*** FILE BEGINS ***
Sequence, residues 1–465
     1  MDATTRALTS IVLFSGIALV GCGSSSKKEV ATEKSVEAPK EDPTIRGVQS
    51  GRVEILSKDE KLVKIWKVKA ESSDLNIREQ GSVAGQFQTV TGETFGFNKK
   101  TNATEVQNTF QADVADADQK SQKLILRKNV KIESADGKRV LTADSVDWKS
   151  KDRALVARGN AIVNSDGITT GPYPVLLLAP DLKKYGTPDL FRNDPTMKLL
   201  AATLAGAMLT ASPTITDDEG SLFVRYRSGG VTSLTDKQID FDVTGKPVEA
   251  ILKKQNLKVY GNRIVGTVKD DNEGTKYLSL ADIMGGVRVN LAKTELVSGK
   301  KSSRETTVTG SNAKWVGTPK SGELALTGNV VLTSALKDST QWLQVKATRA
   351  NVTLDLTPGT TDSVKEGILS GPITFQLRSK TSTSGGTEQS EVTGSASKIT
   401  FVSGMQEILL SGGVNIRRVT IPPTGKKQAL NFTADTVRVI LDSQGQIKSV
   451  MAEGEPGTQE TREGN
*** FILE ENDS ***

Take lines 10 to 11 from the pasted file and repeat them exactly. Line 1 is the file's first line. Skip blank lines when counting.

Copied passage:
   401  FVSGMQEILL SGGVNIRRVT IPPTGKKQAL NFTADTVRVI LDSQGQIKSV
   451  MAEGEPGTQE TREGN